things off of, give me some good feedback. A poet friend of mine told me, “It has to be in your own voice,” so that was very much on my mind. Fortunately, my daughter Róisín is an avid reader, and it turned out she was perfect for helping me with the project. I’d say, “OK, I’ll tell you this story, you get it down,” and then she’d zero in on the fine details, like “What was the room like?” or “What was your mom wearing?” She’d set the scene that way, and we were able to organize things very well. What I do is to go through my life, the albums that I made, the people I worked with, and the stories and events that went with that particular time. I philosophize as to how I’ve my lived, my thoughts and feelings. It’s not a kiss-and-tell story – I didn’t want to upset anyone, really don’t see the point of slagging off and insulting people. Writing the book was enjoyable, but also emotional in spots, like remembering my mom’s passing, or exploring times when I was depressed. It’s like singing a song with a strong emotional content to it – you can’t sing it without feeling what’s underneath. Q. Sounds like a wonderful experience for you and your daughter. A. Yes, Róisín and I got very close. She’d say, “Oh, I never knew that about you,” and she was very supportive and encouraging – “You have to tell it right.” Q. Róisín and your sons Danny and Conor also have become active in music. I’m sure most every musician faces the question of how much they should encourage their kids to take up music. How did you handle it? A. We never forced music on them. But then again, they were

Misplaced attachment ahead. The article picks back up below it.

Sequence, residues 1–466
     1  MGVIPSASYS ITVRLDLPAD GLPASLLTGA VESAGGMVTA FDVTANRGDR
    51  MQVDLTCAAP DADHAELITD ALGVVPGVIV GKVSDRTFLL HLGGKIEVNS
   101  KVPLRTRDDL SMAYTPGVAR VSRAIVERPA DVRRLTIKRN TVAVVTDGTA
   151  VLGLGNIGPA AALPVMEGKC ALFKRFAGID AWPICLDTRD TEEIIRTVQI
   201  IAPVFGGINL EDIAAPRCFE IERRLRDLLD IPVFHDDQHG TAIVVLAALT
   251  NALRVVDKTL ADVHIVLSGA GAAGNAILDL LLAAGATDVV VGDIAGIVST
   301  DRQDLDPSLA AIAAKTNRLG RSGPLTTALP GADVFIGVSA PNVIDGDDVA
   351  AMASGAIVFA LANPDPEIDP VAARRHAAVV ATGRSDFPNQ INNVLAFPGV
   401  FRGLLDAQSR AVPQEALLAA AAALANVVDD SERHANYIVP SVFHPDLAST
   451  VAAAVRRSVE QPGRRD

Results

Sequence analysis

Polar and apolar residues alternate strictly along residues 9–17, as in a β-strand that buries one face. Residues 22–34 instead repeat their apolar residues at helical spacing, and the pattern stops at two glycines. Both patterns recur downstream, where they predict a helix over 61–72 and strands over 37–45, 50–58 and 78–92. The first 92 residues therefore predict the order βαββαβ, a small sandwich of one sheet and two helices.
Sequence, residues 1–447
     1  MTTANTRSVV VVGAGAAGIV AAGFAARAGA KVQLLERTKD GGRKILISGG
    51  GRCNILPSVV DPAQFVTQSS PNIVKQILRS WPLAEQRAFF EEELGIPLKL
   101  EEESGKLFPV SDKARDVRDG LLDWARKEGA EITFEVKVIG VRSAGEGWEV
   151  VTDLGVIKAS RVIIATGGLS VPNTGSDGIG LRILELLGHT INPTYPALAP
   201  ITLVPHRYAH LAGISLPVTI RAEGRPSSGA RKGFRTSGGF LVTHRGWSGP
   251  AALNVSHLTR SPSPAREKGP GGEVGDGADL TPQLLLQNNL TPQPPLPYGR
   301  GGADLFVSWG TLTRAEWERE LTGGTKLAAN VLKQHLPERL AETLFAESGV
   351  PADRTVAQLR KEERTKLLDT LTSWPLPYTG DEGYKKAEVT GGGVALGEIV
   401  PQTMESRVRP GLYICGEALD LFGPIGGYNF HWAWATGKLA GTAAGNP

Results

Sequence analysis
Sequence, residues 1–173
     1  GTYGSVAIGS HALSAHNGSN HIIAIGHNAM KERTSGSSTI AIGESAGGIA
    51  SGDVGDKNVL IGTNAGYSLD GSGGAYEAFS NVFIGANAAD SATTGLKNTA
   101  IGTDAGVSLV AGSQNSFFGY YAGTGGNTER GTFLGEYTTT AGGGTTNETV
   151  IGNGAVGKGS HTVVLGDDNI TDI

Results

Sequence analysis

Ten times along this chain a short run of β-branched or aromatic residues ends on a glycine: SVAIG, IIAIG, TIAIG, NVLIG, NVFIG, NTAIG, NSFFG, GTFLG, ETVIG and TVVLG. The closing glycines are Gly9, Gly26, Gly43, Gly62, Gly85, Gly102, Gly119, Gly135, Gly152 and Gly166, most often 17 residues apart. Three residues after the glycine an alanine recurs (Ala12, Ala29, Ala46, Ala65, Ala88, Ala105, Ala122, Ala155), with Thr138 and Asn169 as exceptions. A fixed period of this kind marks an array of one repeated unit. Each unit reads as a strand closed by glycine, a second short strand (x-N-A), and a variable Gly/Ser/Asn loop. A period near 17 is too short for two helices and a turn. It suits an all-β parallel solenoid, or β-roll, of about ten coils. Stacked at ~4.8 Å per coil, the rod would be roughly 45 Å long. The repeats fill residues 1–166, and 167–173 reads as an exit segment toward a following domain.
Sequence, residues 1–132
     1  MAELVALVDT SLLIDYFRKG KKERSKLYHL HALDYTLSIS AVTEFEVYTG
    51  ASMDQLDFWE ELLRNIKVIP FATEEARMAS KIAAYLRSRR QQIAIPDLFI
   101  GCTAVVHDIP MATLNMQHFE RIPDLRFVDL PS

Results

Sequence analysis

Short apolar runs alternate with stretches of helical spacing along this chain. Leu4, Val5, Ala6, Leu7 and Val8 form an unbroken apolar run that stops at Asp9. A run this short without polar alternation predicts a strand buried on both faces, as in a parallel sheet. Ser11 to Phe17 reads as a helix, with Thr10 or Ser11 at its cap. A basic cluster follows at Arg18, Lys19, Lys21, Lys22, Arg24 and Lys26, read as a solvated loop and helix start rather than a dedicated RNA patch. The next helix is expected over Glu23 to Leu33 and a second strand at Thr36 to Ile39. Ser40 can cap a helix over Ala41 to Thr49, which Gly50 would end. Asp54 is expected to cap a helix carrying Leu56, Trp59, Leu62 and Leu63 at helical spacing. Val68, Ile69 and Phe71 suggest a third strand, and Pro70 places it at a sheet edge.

involved in music simply be being in this family, where there were always house sessions and parties with all kinds of musicians dropping by. It’s amazing how much they pick up just by osmosis. It started when Conor, who’s the oldest, decided he wanted to have guitar lessons, so Danny said he wanted to do that, too. But after a while, Danny came to us and said, “I want to give up guitar, it’s just too hard.” And I said to him, “Look, no one’s going to force you, but just try to stick with it for a bit, and you’ll feel you gave it your best.” He still remembers that. Now, Róisín, I knew she had a lovely voice but I wasn’t sure if she was as musical as the guys were. She loved listening to Eva Cassidy, especially Eva’s cover of “Somewhere Over the Rainbow,” and when she was 12 one night while we had Phil Cunningham with us, she sang it and just pinned me to the back wall. I was just amazed at how good she was. [Róisín O will open for Black at the Berklee Performance Center.] I didn’t expect any of them to be musical; I mean, you know, sometimes the “music gene” can skip a generation. The main thing for me was, if they can get pleasure from music, then that’s what I want. So when I see them up on a stage, well, it’s quite the buzz. Q. Any special projects ahead? A. I have a few ideas, but I’d really love to do a live recording of songs by Noel Brazil, a great singer-songwriter who died in 2001. I had recorded a number of his songs, like “Babes in the Woods” and “Ellis Island,” and he was a very special person who never got the recognition he deserved.